Mentioning it to an amused Leclerc a couple of years back, he asked if his old man, a huge Senna fan, was any good! He talked about later sitting with his Dad in their Monaco apartment watching F1 and cheering on the Ferraris. Always the red cars. And how it was one of Hervé’s life’s ambitions to see Charles race at Monaco.
Four days before it was going to happen, in F2 in 2017, Herve, suffering from terminal cancer, was placed into an induced coma. Charles took pole, which moved him to tears, and was dominating the race until he pitted under a safety car and had a wheel problem. He had desperately wanted to win and dedicate it to his Dad. He sat with his head in his hands for a very long time.
Baku was a month later and Hervé died four days before it, just as Leclerc was about to get on the plane to Azerbaijan. Ferrari team principal Maurizio Arrivabene was on the same flight and said he was a bit surprised to see his young academy driver considering what had just happened. Leclerc replied that he was going to Baku to win the race, then would go back and bury his Dad.
Arrivabene later explained that he understood right then how seriously Charles took his responsibilities. In Baku, Leclerc took pole by half a second, won the feature race, dedicated it to Hervé, then next day won the reverse grid sprint race by 8sec from eighth, until hit by a 10sec penalty for failing to slow sufficiently under a yellow…
It was that emotion-laden month that convinced Ferrari they should be putting Leclerc in their car sooner rather than later.
When I asked him about inking a Ferrari contract at 20, he said, “It was crazy, a childhood dream come true. Actually… I’ve got something to say, but I’m not sure whether I want to say it or not.”
After a bit of coaxing, he went on, “Just a week before my Dad was gone I lied to him that I’d signed for Ferrari. Not for 2018 but 2019. I’d promised myself that I absolutely wanted to achieve that and so I told him that I had. It probably sounds like bullshit for the media but that’s actually what I did.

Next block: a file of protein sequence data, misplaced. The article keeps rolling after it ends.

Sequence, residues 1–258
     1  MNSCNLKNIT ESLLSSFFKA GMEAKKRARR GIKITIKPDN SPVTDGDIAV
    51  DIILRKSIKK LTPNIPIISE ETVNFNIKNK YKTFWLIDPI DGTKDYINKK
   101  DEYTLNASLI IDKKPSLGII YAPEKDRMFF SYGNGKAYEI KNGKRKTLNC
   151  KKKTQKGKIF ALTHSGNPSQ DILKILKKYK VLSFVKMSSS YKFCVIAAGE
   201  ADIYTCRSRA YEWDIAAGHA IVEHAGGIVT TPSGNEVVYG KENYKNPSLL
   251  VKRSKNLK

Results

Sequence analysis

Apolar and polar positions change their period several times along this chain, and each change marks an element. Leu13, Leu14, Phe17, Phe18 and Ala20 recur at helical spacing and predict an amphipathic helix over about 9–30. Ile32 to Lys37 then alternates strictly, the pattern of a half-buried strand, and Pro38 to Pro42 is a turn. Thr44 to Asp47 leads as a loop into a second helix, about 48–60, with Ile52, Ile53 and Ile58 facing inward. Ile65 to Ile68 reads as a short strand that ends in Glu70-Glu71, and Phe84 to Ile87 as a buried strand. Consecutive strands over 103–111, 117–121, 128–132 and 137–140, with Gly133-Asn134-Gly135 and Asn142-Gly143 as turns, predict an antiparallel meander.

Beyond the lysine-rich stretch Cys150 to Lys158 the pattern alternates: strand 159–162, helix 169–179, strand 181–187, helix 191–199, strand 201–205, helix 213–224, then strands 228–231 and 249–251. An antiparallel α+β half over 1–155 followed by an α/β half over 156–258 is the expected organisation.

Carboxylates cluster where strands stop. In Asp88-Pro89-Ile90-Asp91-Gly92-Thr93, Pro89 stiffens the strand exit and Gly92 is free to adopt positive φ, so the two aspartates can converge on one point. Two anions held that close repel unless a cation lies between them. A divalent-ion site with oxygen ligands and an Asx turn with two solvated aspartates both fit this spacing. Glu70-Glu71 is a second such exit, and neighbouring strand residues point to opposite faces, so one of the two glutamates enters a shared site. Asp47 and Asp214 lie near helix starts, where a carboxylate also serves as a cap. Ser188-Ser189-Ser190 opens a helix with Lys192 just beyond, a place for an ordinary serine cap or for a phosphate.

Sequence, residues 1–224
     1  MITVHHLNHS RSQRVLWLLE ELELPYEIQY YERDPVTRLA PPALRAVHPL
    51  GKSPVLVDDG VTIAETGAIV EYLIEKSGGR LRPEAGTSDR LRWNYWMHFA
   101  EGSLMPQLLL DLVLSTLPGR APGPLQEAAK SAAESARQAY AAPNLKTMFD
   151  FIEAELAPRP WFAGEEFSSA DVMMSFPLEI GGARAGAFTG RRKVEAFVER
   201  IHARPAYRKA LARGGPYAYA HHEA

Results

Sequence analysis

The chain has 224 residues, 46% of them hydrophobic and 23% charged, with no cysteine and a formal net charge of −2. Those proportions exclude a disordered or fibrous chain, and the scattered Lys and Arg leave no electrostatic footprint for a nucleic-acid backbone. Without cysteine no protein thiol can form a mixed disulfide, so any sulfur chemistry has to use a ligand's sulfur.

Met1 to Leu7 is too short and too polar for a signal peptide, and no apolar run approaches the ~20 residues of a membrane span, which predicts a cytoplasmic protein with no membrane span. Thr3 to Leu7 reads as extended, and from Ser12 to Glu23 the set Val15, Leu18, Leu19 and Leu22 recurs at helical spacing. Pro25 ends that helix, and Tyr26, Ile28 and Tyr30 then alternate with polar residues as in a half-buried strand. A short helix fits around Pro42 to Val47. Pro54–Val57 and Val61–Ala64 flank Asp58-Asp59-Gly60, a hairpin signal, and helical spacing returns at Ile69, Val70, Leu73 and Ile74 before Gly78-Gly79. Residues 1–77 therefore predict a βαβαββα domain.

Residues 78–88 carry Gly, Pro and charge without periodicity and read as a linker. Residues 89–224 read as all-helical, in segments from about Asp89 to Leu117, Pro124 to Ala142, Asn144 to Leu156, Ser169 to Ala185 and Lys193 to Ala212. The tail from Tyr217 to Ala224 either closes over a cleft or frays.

“My Mum told me, ‘That’s not good Charles, you shouldn’t lie to him.’ And I thought to myself that I shouldn’t have said it. But I knew it was going to end for him in the next week. It was a very bad moment. He also knew it was the end. To put just some happiness in all of that, I told him I did it. And I remember the tears of happiness in his eyes.
“From that day, I regretted saying it. Then, when I actually signed, it was the first thing I thought of. I could tell him up there that I didn’t lie! And that’s what I said to my Mum.”
Then there’s his home race… Leclerc has always been ballistic around street circuits. At his first bite at Monaco in 2019, he topped FP3 and was clearly in with a shot at pole before Ferrari made an awful strategic screw-up that eliminated him in Q1. Hitherto he hasn’t been able to buy any luck in the Principality and has actually never seen a chequered flag around Monte Carlo in any category.
Lando Norris is clearly doing an exceptional job at the moment, but if he ever comes across hard times in F1, he could have a replacement career as a soothsayer. Ahead of Monaco he texted his old mate Carlos Sainz to say that he figured Carlos had a decent chance of winning.
That might seem a tad ambitious given the season’s results but Norris’s opinion was based on data from Barcelona’s slow third sector and the Ferrari performance in slow/medium speed corners thus far.
From first thing Thursday morning, the red cars were bang on the pace, Sainz topping the first session, beaten only by Sergio Perez’sRed Bull, and Leclerc quickest in FP2 despite doing just four laps in FP1 before breaking fourth gear. Charles obviously hadn’t read the script saying that once you miss track time in Monaco you play catch-up for the rest of the weekend.
Had Ferrari turned the engine up? Were they running light? Down at Mercedes, engineering director Andrew Shovlin reckoned you didn’t need to study the data for too long to conclude that the Ferrari pace was genuine. On Saturday morning, Max Verstappen’s Red Bull was quickest but Sainz and Leclerc were right there. Mercedes, by contrast, was struggling: Valtteri Bottas was almost half a second away and Hamilton, his car unstable at the rear, another quarter second further down, only seventh fastest.
When the most important qualifying hour of the season got underway, it did so without Mick Schumacher, who heavily binned his Haas exiting Casino Square at the end of FP3. Then Q1 claimed Fernando Alonso, which was a surprise. With improving pace at the past two races, the Alpines were hoping to make Q3 at Monaco. But Alonso understeering straight on at the Antony Noghes final turn on Thursday demonstrated how much trouble they were having generating tyre temperature. An unresponsive front-end is the last thing you want in Monaco.